[42 NJ Page 348]

may be sentenced to imprisonment for a term * * * in excess of one year." § 1.04(2) (1962).

Criminal codes in New Jersey have not utilized the felony-misdemeanor nomenclature or classification of the English common law. See, e.g., "An Act for the punishment of crimes," adopted March 18, 1796, Paterson's Laws of New Jersey 208 (1800); Brown v. State, 62 N.J.L. 666, 695 (E. & A. 1899); Leeman v. Public Service Ry. Co., 77 N.J.L. 420 (Sup. Ct. 1909). Our present crimes act makes all criminal offenses (other than treason, N.J.S. 2A:148-1, and murder, N.J.S. 2A:113-1 et seq.) misdemeanors or high misdemeanors, N.J.S. 2A:85-1 to 12. All common law offenses of an indictable nature not expressly provided for by statute are denominated misdemeanors. N.J.S. 2A:85-1. Petty offenses are designated disorderly person offenses. N.J.S. 2A:169-1 et seq. Misdemeanors, with rare exceptions, are punishable by a fine of not more than $1,000 or imprisonment for not more than three years, or both. N.J.S. 2A:85-7. High misdemeanors, which under the statute are not in any way equated with common law felonies, are punishable generally by a fine of not more than $2,000 or imprisonment for a maximum term of seven years, or both. N.J.S. 2A:85-6. Disorderly persons may be punished by a fine of not more than $1,000 or incarceration in the county workhouse, penitentiary or jail for not more than one year, or both. N.J.S. 2A:169-4.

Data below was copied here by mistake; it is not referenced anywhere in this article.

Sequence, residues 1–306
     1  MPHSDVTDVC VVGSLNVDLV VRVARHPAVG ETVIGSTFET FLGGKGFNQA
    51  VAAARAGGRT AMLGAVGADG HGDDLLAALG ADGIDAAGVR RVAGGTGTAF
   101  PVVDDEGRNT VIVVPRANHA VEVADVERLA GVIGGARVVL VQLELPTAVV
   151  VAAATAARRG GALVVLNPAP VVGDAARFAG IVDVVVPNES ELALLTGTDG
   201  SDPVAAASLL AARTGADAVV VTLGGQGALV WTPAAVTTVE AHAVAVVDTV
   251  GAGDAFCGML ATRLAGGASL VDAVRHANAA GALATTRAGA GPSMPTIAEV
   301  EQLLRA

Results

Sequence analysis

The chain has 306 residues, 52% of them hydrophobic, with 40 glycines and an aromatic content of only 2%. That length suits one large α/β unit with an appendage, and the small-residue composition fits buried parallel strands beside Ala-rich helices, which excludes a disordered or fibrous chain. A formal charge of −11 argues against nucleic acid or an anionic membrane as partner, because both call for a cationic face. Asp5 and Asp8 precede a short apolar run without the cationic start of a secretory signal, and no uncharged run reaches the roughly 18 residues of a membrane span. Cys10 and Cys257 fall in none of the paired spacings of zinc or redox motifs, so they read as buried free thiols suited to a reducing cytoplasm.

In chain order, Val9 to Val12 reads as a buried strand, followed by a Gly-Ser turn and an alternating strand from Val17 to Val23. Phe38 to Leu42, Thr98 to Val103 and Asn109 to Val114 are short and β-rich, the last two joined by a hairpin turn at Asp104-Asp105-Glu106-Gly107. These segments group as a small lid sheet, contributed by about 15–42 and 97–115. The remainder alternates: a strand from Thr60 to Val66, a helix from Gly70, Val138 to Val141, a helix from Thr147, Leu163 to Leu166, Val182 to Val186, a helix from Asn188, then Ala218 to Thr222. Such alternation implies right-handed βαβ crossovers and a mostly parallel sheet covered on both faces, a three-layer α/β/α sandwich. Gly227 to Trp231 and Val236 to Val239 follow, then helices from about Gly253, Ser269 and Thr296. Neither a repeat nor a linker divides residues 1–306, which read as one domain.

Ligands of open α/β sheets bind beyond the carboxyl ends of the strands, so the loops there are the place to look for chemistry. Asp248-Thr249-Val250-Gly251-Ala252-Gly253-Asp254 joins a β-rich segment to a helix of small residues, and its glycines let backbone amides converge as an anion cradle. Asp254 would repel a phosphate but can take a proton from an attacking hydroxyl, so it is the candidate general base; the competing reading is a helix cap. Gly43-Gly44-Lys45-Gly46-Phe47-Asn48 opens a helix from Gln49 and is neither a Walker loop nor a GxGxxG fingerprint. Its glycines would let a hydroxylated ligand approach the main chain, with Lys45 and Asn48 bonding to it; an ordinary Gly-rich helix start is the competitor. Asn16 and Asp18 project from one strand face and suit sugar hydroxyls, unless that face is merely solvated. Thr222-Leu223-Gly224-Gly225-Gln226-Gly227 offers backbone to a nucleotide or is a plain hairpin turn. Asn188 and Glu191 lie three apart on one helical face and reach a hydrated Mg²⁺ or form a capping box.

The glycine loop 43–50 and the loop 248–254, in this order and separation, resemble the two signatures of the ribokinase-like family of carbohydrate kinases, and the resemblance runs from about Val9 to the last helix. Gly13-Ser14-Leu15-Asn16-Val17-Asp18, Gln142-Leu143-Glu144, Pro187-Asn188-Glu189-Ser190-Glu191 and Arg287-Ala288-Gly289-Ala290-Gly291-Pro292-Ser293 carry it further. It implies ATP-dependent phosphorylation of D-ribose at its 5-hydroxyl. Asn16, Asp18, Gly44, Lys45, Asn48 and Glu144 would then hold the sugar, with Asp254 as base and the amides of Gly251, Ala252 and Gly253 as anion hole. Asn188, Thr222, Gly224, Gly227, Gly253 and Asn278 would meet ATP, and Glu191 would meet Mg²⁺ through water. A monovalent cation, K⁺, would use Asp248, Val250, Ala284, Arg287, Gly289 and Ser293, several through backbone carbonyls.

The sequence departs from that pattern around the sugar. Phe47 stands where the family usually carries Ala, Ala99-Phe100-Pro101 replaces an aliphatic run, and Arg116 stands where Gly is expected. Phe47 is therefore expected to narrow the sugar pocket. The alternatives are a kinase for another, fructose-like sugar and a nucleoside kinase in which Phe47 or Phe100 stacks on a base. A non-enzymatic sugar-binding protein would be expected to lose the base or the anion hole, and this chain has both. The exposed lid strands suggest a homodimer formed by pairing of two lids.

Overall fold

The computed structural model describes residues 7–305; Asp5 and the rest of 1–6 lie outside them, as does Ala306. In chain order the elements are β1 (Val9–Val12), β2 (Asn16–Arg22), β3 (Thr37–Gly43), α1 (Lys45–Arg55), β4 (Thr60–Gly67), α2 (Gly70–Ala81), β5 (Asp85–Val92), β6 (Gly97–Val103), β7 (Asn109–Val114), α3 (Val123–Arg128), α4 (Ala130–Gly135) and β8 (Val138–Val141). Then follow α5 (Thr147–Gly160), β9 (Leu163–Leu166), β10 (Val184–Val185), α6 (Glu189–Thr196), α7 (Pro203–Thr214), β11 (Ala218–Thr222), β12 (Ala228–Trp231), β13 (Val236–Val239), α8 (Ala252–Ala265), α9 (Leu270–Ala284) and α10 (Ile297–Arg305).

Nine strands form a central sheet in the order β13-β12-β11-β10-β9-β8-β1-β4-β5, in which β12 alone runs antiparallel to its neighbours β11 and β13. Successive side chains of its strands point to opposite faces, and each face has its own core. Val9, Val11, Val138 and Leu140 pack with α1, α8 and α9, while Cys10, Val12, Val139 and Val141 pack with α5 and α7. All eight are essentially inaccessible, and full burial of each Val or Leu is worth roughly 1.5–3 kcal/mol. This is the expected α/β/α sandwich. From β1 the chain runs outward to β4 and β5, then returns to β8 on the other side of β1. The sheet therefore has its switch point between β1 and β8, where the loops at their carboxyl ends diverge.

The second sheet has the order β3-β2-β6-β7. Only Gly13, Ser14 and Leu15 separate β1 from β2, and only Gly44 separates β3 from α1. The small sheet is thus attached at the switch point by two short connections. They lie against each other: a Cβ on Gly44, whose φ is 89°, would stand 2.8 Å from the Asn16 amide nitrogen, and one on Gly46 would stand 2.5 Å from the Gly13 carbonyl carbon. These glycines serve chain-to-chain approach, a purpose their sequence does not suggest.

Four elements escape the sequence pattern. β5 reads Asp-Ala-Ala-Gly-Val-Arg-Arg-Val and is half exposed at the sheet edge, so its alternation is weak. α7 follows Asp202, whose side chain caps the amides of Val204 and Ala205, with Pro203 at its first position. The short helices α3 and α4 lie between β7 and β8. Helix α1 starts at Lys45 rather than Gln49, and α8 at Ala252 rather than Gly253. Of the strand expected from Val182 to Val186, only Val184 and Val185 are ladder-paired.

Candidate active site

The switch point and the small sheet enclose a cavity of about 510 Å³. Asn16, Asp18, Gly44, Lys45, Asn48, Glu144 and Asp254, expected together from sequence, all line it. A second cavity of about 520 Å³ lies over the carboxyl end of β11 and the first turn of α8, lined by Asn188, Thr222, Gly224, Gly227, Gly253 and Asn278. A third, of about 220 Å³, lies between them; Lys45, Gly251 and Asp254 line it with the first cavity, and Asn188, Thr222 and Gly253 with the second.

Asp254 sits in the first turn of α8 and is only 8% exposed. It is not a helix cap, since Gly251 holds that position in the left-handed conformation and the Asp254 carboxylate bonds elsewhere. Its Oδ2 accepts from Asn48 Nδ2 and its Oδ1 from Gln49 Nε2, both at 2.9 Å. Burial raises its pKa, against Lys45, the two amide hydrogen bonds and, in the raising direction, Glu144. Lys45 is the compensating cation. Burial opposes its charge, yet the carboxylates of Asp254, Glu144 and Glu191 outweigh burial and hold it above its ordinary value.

The described classification and the absence of a specific "felony" category in our crimes act create a necessity for decision with respect to the kind of offense which will justify a police officer in arresting without a warrant. As has been shown above, most jurisdictions, either by statute or judicial declaration, regard an offense which may be punished by confinement in a state prison as sufficient for such purpose. In New Jersey a disorderly person infraction is not a crime and does not carry the stigma or disqualification associated with conviction of crime. Although it may be punished by a maximum term of one year, the imprisonment must be in a county

[42 NJ Page 349]

institution and not the state prison. It would seem, therefore, that in our State statutory authorization for a more severe penalty, i.e., for more than a year and in a state prison, ought to be regarded as necessary. Cf. N.J.S. 2A:164-15, 17. Misdemeanors under the crimes act which are punishable by imprisonment for more than a year in state prison, in our judgment, and we so hold, are sufficiently equatable with common law felony to justify arrest by a peace officer without a warrant when he has reasonable ground to believe that an offense of that grade is being or has been committed by the person to be apprehended. See State v. Smith, supra (37 N.J., at p. 494). Such a rule conforms with the federal statute, the proposal of the Model Penal Code and, in the light of the development of the criminal law in our State, represents a proper association between the common law test and our crimes act.